The striking Moluccan Cockatoo has become one of the most popular Cockatoos in captivity, and is also one of the most common parrots seen in parrot rescues today.
As with most wild animals that can be domesticated, Moluccan Cockatoos raised by hand and those born in the wild can hardly be given the same characteristics. Try cuddling up to a wild bird and you will understand what this means. In Indonesia, these birds can be seen by themselves or in small groups usually early and late in the day. They seem to prefer roosting in the taller trees of the forest usually close to their pair mate. Their loud cries are the only thing that gives them away at times, as they are shy and very cautious. Hand raised birds are quite the opposite; they trade in their wild aloofness for an overwhelming passion to be near people, and are more than gracious giving back the love their owners give to them. Unlike some birds kept in the home, Cockatoos seem willing to show their regard for all in the family. One of the requirements of a home Cockatoo is plenty of attention. While these birds are content with being by themselves, or another bird for a while they desire interaction with their human counterparts. The loud cries that wild birds exhibit are not lost on our domesticated allies, although many of them turn this noise into vocalizations. If a Moluccan Cockatoo is not given the amount of attention it desires they can and often will scream very loudly. Moluccan Cockatoos can be very noisy; it is reported that their voices can be heard as far as three blocks away. For this reason they may not be suitable for apartment living. Because of the intense time requirements these birds may not be well suited for people with a busy lifestyle, they require a lot of attention and love. Many people do not realize the time demands these birds place on their owners, and many suffer due to lack of proper care. It should also be noted that like many parrots, the Moluccan can often become more aggressive as they reach sexual maturity. Your once sweet and cuddly baby may all of a sudden change into a rather cranky individual. When a Moluccan is in a bad mood, one of the worst things an owner can do is to raise their voices to the parrot. This usually only gets them more excited and can increase their unwanted behavior. The Moluccan Cockatoo is one of the most common large parrots seen in rescue. Moluccan Cockatoos are highly intelligent creatures, though they are not known for their talking ability. Because of the intellectual nature of this bird, care must be taken to keep them occupied, even when we are not directly stimulating them. An assortment of perches and toys will keep your avian Einstein content and happy. Overall the Moluccan Cockatoo is one of the most loving parrots, be he also requires a lot of love in return. If you have the time and patience, a Moluccan Cockatoo may make a wonderful addition to your home.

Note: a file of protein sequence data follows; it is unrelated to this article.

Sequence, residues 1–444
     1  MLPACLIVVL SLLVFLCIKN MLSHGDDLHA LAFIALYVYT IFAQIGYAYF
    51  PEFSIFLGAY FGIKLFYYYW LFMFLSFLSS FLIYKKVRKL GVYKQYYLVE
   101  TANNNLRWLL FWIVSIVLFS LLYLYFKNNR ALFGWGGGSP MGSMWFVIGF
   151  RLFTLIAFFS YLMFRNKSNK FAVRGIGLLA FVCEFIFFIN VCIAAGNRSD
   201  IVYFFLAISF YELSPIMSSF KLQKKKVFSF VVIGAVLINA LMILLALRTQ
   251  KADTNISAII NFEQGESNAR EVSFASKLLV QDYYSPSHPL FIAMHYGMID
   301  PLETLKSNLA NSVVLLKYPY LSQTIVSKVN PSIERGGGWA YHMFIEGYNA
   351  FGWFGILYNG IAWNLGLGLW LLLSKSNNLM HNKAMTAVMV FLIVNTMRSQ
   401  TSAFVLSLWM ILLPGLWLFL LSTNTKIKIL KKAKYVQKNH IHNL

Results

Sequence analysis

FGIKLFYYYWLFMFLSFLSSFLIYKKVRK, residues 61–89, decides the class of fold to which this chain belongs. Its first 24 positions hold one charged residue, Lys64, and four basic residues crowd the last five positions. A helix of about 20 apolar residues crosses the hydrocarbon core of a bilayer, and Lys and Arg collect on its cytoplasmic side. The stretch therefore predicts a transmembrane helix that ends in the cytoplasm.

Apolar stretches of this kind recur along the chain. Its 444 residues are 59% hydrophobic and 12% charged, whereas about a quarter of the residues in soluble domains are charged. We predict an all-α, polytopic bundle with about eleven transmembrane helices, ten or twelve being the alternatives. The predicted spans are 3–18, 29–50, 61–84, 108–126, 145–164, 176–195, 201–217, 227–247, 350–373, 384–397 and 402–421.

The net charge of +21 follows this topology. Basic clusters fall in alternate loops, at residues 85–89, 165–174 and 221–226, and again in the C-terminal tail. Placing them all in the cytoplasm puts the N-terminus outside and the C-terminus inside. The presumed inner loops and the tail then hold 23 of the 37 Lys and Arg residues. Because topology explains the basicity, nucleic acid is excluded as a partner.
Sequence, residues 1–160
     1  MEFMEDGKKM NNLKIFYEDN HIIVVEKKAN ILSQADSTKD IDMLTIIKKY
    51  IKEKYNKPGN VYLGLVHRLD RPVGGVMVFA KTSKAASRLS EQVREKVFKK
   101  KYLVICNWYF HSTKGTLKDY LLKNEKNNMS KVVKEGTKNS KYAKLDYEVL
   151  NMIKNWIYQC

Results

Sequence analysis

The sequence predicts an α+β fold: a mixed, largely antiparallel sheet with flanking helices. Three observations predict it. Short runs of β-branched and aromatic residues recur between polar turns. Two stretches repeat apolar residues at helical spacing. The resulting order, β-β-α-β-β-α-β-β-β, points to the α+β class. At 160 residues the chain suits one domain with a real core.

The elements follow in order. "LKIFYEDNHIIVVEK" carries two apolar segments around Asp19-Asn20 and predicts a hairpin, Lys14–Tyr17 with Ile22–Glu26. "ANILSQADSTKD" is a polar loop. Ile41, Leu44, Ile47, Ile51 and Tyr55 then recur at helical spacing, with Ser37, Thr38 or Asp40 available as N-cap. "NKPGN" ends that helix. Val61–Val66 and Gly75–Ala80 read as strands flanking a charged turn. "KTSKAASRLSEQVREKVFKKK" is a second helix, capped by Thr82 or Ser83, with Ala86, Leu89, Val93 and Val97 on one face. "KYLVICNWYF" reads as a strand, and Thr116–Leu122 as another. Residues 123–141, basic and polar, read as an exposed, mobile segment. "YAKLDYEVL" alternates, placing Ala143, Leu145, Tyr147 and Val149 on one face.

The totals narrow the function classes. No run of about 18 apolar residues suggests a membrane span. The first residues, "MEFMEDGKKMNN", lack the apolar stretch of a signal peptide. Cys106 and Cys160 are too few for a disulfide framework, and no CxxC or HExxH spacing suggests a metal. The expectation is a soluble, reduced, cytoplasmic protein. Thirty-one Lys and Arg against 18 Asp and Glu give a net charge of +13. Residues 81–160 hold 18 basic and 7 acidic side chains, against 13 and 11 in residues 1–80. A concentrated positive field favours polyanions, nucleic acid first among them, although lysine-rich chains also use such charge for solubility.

Moluccan Cockatoos are larger parrots, measuring around 50 centimeters. Whitish salmon coloring is the predominate feather color on the Moluccan's body, but their deep salmon pink crest and under-feathers give a brilliant look. Orange, yellow, and pink can be found on the base of the tail-feathers, with a black bill topping off this beautiful specimen.
It is this animal's endearing qualities, along with habitat loss that have put the Moluccan Cockatoo on the endangered species list. Capture of the animals for trade has lead to the extinction of this breed from many of the Indonesian islands that it use to be found. In 1925 a specimen later to be named King Tut was given as a gift to the San Diego Zoo. Zookeepers soon fell in love with their new acquisition, and began to tame him. Although he was never as friendly as our modern hand raised birds he became quite responsive to people and soon became an unofficial greeter to the zoo, offering up salutations to entering zoo goers. King Tut served as an ambassador for his counterparts and introduced many people to this beautiful and interesting creature.